DURING 1991-1994, an estimated 930 000 U.S. children aged <6 years had blood lead levels (BLLs) ≥ μg/dL, and the risk for an elevated BLL was greatest among children who were non-Hispanic black or Mexican American, from low-income families, living in large metropolitan areas, or living in housing built before 1946.1 Because risk for lead exposure is associated with several different factors, it can vary greatly across relatively small areas. To establish the local prevalence and distribution of childhood lead exposure and develop local blood lead screening recommendations, the Salt Lake City-County Health Department (SLCCHD) offered free blood lead screening to all children aged 12-36 months enrolled at the seven Special Supplemental Nutrition Program for Women, Infants, and Children (WIC) clinics in Salt Lake County, Utah (1995 population: 812 000), during January-October 1995. This report presents findings of the screenings at WIC clinics,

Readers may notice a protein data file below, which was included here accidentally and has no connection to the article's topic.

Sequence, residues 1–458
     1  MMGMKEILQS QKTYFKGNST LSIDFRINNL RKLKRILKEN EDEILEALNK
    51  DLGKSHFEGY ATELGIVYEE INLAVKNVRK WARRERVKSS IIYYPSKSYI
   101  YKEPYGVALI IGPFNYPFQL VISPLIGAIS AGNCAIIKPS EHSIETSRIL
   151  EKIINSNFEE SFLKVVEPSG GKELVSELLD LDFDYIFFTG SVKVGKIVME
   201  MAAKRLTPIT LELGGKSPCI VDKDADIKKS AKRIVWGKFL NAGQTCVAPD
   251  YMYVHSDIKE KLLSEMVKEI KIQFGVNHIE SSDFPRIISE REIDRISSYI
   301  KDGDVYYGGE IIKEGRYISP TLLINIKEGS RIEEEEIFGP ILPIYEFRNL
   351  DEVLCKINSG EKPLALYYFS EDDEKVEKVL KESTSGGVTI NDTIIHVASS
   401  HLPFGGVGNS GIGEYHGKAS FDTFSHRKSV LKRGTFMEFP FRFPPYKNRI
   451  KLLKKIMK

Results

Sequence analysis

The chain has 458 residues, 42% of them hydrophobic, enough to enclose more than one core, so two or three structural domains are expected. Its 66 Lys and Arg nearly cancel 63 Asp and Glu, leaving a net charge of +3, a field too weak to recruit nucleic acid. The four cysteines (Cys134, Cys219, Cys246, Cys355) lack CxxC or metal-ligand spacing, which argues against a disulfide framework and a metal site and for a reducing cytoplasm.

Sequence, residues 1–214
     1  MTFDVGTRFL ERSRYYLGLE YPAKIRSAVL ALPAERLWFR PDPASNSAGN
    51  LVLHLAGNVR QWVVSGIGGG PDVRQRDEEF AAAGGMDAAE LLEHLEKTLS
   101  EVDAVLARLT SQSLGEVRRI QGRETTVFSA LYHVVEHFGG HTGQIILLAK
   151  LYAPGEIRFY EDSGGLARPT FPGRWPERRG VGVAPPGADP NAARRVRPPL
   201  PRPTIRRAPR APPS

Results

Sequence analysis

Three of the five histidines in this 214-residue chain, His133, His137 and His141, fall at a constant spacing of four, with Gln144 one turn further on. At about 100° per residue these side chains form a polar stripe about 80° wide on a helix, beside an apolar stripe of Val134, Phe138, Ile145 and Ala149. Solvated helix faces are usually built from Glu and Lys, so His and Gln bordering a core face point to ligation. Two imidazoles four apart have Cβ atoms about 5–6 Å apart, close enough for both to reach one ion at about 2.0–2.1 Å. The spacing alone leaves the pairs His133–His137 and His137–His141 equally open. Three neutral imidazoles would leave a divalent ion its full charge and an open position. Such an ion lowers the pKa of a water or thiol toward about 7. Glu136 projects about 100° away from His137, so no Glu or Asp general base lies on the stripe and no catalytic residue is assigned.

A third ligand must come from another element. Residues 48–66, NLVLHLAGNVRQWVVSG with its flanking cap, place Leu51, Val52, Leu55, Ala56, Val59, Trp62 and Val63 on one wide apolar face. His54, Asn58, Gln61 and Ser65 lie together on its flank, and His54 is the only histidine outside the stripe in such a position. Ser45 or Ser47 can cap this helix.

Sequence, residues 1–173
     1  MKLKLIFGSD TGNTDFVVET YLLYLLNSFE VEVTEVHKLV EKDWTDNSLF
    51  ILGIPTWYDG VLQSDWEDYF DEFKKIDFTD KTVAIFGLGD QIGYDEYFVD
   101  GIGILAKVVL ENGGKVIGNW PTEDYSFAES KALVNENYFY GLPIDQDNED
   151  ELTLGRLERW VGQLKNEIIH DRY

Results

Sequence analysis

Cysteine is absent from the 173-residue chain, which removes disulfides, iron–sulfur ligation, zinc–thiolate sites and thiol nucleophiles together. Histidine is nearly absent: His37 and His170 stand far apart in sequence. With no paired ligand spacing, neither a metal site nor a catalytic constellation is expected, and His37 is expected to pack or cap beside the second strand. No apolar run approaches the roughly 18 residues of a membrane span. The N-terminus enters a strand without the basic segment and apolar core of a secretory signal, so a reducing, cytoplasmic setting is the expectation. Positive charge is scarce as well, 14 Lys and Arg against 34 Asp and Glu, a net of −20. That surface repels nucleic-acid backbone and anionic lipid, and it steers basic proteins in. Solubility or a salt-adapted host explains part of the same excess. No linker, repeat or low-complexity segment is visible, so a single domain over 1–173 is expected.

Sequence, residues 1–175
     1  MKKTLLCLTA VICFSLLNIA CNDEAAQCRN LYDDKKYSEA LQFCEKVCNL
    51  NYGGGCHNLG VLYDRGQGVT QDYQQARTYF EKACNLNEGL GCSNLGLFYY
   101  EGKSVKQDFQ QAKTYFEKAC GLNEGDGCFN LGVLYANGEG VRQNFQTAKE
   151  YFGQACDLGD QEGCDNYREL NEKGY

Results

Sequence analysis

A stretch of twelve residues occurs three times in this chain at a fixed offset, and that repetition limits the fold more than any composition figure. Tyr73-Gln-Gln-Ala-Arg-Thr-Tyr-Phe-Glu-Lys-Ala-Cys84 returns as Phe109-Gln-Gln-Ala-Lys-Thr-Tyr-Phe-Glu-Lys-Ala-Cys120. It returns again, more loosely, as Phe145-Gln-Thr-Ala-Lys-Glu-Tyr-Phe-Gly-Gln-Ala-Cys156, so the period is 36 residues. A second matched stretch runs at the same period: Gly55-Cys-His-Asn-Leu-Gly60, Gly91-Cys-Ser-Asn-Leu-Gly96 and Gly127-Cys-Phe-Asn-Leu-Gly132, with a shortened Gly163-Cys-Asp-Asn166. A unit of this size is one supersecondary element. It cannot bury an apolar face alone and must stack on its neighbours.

Targeted Screening for Childhood Lead Exposure in a Low Prevalence Area—Salt Lake County, Utah, 1995-1996. JAMA. 1997;277(19):1508–1509. doi:10.1001/jama.1997.03540430020009
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